They send out the senior examiner to work with me on the drop yard for about two hours and nothing goes right. I’m panicked about being sent home, and mess up anywhere from 10-12 backs in a row. When we finish, he says don’t report to Kraft tomorrow, take the shuttle to the training center in the morning so we all can talk.

A few things here: I was in senior management, and senior training management, for years in the fitness industry. I’ve fired many employees and let many trainees go from programs. And my signaling in the time leading up to when I have no other choice but to separate someone, was identical to what I heard and experienced today. This isn’t pessimism, it’s realism borne out of experience. I cannot perform a fundamental requirement of the job to their satisfaction on their timetable. Now I don’t know how this meeting is going to go, but it’s likely either going to be “we are sending you home now” or “fix it today or we are sending you home tomorrow.”

We will see how things go, but to call a spade a spade, this isn’t good. It’s put up or shut up. My only option is to beg for more time to prove I can do this, or else I will wash out of becoming a trucker before I ever set foot in my own truck. What a cruel twist of fate. I dedicate every waking moment of my life to this for the better part of a year, excel in 95% of the training program, and may be sent home because I can’t back. What I regret most at this point is calling to ask for help. It is what it is.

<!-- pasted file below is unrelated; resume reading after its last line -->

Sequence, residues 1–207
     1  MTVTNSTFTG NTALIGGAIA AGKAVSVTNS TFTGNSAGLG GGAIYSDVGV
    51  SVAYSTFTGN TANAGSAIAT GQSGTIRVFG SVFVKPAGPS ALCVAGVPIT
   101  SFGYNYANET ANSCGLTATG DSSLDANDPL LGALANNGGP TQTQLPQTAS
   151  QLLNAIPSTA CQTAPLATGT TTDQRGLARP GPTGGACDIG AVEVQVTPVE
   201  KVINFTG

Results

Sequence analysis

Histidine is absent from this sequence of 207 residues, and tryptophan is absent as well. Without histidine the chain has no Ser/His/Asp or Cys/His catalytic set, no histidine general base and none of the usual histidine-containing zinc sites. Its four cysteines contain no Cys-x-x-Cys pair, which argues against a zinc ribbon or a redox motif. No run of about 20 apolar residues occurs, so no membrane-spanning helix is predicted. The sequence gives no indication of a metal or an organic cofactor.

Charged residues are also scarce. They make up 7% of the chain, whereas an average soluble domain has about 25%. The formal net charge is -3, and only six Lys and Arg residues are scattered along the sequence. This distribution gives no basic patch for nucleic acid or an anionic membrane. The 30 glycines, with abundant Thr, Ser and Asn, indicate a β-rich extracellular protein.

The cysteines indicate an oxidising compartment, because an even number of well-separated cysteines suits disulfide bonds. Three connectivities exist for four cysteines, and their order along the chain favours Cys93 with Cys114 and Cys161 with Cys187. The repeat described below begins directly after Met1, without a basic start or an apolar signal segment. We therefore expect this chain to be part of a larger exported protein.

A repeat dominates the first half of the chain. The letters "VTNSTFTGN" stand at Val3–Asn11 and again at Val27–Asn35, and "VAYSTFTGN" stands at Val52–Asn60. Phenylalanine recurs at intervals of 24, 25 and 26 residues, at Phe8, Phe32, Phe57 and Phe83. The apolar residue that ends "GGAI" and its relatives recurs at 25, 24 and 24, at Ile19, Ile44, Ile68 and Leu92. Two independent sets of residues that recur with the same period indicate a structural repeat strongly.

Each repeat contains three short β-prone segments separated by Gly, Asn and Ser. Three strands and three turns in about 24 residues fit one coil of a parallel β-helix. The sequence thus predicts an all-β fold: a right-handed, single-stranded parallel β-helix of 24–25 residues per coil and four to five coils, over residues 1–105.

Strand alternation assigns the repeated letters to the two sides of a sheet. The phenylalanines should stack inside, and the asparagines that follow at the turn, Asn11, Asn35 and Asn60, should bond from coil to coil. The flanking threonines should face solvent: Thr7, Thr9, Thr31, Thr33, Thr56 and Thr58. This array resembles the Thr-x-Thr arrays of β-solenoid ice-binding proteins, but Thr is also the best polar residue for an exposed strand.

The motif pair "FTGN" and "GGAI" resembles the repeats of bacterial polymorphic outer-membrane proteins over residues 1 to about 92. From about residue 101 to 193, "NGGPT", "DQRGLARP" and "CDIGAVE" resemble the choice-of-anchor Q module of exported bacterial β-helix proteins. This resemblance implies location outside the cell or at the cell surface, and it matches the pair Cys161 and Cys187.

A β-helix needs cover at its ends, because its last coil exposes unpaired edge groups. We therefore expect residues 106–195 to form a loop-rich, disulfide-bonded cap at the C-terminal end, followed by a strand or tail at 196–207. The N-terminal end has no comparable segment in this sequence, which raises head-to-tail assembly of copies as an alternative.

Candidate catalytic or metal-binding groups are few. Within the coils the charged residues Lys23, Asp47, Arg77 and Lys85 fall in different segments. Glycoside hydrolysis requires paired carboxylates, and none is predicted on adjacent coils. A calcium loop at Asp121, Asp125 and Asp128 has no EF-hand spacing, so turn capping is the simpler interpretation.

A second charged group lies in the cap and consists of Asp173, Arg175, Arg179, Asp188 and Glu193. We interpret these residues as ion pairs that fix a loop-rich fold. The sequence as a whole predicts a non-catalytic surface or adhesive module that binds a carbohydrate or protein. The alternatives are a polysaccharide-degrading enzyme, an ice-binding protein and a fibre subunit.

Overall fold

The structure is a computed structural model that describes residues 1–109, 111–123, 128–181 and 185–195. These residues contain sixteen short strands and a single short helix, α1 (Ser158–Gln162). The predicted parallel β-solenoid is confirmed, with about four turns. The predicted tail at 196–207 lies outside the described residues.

Tandems:

Tandem Axles

A set of axles spaced close together, legally defined as more than 40 and less than 96 inches apart by the USDOT. Drivers tend to refer to the tandem axles on their trailer as just "tandems". You might hear a driver say, "I'm 400 pounds overweight on my tandems", referring to his trailer tandems, not his tractor tandems. Tractor tandems are generally just referred to as "drives" which is short for "drive axles".

Tandem:

Tandem Axles